I would also like to underline that over half the world's population, namely women, typically have less access to health care, employment, decision making and property ownership. This disparity needs to be addressed so that women and men can enjoy the same opportunities, the same rights, and the same responsibilities in all aspects of life. To promote gender equality, we need to empower women so that they have more autonomy to lead their lives. To achieve these goals it is essential that we work closely together, so that together, we can promote human rights and achieve sustainable development.

We cannot confront all these challenges effectively if we do not have peace and security. The United Nations plays a crucial role in responding to the aftermath of natural disasters and maintaining peace and security in areas affected by violent conflicts. The recent violence in the Middle East caused regrettably, heavy casualties to both parties and extensively damaged the Lebanese infrastructure. Today, man-made conflicts are destroying lives and displacing people on a scale that sometimes exceeds the destructive effects of nature - floods, hurricanes, earthquakes, and tsunamis.

The people of the world have placed an enormous responsibility on our shoulders, we, the Member States, to identify and tackle the causes of human conflicts. Only by working together will be able to defeat the injustices that are at the root of conflicts.

International terrorism is another equally pressing and closely related issue. We need to develop and adopt both preventative and defensive measures to combat terrorism. Within this context, I cannot emphasize enough the importance of quality education coupled with conscientious media as positive vehicles to nurture tolerance, compassion and critical thinking.

Now that you have adopted a resolution on a global counter terrorism strategy, I hope that during this Session, we can continue our efforts to successfully reach an agreement on a comprehensive convention on terrorism.


As we prepare ourselves to complete the remaining tasks of the previous session, we shall not overlook those recommendations of the 2005 World Summit outcome document which have yet to be fully implemented, such as; disarmament and non proliferation, Security Council reform, Mandate Review, and System-wide Coherence. All these are crucially important agendas. And working together, in the spirit of multilateralism, to achieve these goals, we can deliver a program of work to renew, strengthen and update the United Nations.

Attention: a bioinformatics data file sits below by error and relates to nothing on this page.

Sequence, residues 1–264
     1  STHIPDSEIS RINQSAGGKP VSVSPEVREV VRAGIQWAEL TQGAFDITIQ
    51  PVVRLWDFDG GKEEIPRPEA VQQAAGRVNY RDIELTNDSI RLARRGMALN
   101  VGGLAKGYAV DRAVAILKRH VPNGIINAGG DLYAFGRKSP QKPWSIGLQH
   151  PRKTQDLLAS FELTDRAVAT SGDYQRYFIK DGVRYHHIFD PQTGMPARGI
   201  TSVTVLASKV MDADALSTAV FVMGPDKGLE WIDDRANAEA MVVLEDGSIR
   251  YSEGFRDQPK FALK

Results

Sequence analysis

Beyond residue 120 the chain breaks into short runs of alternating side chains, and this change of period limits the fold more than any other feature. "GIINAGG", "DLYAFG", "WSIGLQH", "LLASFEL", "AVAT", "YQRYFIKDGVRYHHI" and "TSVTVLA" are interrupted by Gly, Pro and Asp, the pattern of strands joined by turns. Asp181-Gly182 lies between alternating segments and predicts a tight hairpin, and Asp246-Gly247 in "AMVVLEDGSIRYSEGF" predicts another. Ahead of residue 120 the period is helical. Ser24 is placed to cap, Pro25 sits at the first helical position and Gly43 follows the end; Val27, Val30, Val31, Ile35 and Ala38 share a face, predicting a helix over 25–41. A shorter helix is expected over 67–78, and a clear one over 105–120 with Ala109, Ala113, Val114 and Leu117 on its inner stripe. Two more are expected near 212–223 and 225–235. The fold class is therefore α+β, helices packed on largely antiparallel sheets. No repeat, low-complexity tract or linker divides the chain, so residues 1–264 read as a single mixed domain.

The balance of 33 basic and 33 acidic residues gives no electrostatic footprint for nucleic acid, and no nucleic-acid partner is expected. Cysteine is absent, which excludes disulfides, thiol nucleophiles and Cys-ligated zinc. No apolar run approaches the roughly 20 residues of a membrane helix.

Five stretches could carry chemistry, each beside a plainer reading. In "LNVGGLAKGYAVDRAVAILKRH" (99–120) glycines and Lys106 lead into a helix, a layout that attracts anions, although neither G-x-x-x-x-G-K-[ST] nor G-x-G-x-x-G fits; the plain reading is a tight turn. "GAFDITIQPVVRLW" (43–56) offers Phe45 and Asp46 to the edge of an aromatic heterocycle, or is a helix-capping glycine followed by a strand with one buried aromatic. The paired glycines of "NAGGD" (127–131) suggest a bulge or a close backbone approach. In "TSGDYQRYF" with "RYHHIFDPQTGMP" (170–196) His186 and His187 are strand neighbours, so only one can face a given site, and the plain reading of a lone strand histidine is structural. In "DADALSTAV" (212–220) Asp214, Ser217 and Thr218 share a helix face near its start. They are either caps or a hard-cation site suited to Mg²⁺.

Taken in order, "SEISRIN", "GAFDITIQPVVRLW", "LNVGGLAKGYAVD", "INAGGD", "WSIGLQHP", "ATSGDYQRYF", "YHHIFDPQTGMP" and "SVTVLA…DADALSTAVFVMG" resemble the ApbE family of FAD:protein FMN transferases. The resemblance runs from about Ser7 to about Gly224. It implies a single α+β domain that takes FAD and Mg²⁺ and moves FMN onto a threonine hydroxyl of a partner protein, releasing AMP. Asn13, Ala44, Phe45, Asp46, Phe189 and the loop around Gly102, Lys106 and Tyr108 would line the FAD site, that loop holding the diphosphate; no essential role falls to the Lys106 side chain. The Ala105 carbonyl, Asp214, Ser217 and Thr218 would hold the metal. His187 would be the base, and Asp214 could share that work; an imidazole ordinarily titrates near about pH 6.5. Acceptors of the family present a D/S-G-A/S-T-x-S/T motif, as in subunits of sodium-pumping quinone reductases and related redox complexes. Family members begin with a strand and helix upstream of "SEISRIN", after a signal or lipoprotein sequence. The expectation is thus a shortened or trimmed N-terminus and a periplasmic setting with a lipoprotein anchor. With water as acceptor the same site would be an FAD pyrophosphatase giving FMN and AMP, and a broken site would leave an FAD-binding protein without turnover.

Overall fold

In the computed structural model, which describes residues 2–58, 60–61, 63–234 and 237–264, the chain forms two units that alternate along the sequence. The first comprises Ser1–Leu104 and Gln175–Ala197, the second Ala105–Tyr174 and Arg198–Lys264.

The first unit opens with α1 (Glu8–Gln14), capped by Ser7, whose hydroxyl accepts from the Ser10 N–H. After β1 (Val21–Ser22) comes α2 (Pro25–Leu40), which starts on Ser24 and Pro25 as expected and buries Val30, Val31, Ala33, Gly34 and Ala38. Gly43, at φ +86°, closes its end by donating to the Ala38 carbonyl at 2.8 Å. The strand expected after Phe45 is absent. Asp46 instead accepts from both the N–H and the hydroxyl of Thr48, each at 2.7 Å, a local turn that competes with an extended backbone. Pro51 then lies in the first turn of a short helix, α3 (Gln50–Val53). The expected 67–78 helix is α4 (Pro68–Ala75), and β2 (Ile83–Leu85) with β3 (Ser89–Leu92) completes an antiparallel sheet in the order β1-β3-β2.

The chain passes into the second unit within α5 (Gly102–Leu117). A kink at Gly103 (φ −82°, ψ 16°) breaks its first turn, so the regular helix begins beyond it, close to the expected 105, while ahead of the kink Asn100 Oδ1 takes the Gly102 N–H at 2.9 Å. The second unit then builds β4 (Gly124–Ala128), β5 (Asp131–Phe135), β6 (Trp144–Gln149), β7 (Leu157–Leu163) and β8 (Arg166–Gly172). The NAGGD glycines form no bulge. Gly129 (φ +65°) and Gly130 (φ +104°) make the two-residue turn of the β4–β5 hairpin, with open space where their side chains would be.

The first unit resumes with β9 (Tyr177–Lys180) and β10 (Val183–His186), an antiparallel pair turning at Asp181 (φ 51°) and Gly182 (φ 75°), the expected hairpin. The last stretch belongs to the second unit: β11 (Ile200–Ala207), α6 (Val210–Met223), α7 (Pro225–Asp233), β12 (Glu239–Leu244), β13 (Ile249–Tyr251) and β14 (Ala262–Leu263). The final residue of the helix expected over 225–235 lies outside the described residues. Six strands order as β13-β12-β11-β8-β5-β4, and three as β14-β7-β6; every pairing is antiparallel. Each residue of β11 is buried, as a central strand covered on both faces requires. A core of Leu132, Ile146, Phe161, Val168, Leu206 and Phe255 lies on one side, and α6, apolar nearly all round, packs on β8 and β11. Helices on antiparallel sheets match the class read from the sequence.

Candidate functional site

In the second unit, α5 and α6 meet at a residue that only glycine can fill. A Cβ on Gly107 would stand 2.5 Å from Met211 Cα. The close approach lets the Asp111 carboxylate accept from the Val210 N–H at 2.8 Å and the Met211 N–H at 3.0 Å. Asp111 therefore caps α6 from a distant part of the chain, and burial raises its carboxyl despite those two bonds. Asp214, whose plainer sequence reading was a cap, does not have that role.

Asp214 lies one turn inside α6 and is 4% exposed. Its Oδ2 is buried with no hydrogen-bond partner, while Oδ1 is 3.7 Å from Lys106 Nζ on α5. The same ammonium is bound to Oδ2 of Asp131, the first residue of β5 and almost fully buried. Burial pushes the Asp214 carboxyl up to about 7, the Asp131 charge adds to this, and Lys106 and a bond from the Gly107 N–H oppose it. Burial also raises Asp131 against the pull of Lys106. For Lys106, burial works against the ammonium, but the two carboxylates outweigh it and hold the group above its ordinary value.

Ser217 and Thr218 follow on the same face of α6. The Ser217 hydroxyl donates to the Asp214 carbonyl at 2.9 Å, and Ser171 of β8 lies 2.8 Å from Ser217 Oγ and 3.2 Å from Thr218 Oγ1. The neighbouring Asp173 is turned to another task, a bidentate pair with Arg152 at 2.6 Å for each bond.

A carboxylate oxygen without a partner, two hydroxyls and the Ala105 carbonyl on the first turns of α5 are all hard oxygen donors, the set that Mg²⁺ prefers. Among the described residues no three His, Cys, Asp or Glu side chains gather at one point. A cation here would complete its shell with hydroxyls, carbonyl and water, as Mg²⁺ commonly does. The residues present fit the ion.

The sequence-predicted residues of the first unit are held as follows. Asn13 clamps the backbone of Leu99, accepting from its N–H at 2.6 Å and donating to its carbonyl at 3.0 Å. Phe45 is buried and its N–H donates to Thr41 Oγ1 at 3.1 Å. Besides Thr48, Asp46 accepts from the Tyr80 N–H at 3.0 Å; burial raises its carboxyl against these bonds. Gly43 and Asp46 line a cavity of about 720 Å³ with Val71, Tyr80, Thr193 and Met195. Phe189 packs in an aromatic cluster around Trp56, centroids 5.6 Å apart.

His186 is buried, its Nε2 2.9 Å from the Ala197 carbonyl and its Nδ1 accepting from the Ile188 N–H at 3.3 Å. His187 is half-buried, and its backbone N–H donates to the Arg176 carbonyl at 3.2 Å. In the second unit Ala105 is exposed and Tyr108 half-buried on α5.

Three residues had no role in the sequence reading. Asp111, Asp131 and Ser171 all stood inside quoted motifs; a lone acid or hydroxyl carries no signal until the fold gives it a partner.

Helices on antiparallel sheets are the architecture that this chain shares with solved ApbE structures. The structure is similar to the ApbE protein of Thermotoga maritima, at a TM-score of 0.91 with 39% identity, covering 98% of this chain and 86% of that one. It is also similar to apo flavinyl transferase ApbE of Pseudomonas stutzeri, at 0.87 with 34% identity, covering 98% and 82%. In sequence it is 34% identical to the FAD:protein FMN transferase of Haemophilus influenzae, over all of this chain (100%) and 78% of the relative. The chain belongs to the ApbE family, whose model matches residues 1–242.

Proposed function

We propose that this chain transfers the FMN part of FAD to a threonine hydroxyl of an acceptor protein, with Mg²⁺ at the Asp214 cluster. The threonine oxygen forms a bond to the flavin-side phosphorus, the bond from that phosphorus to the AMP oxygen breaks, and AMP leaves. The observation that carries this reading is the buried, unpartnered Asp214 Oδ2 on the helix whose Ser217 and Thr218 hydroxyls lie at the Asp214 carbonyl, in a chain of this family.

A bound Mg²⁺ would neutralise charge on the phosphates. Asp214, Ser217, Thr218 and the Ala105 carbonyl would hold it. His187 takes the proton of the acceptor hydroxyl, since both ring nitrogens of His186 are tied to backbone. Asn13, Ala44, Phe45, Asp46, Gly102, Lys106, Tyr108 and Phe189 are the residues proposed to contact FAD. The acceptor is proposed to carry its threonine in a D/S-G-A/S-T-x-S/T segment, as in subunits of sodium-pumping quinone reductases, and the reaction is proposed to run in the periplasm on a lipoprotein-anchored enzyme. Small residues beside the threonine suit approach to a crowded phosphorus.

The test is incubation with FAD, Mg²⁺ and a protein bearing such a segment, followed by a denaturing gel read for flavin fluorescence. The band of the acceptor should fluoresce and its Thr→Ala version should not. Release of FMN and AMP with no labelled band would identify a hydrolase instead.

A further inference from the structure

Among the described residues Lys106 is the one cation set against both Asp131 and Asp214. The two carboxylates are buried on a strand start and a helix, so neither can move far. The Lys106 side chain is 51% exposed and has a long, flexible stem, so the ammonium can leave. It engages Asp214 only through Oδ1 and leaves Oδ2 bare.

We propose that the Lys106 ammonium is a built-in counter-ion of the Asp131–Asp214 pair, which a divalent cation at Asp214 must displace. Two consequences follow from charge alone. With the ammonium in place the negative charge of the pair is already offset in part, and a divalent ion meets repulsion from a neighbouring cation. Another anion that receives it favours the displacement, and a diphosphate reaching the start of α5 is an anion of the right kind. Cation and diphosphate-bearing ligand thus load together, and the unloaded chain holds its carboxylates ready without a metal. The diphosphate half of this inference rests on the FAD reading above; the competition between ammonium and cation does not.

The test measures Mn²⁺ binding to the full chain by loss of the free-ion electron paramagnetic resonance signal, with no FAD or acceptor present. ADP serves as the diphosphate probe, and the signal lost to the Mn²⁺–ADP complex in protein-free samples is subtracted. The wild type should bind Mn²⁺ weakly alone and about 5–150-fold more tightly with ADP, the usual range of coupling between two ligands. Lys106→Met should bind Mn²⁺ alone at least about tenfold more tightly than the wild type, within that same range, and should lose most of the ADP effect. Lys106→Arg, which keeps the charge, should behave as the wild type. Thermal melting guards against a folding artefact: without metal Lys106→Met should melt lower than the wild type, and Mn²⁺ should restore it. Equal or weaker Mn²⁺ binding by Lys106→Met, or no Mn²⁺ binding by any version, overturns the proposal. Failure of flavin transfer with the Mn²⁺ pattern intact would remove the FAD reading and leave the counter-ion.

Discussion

Reform is a process rather than an event, and we will need to actively pursue work on a variety of outstanding issues. I trust that Member States will work together to address every issue on its own merit, so that progress can be achieved at a steady pace on all the different aspects of the reform agenda.

We, the Member States, must identify our priorities and I will be more than happy to listen to your views during the General Debate and in the months ahead so that we, together, can design an action-oriented and practical work plan.

Even before then, we will hold the first ever High-level meeting on International Migration and Development. I anticipate that the discussions will confirm that the challenges of migration and development are complex and require no less than a collective response.

The following week, we will hold a High-level meeting on the mid-term comprehensive global review of the implementation of the Programme of Action for the Least Developed Countries for the Decade 2001-2010. It will outline the successes achieved and the obstacles confronted by LDCs, and lay down guidelines for the way forward - the actions that need to be taken by the LDCs, their development partners, and the international community as a whole, to successfully implement the Programme of Action.

On this occasion, I would like to commend the important role that non-governmental organizations, civil society and the private sector play in the work of the General Assembly. It is my intention to continue to encourage and value their contributions to addressing the many challenges confronting the international community.


The United Nations has been the focus of world opinion since its inception in 1945, yet the necessity for a truly global forum based on high ideal, had been expressed by world leaders and thinkers for many years before this.

At the Paris Conference in January 1919, the United States President Woodrow Wilson called for the creation of an organization that should be the eye of the nations to keep watch on their common interests, an eye that does not slumber, an eye that is everywhere attentive.

Today, should this eye become weary, it is up to us, the 192 Member States, to revitalize and reinforce its role so that Our Organization continues to remain the beacon of hope for peace, prosperity, and order for all nations.

Thank You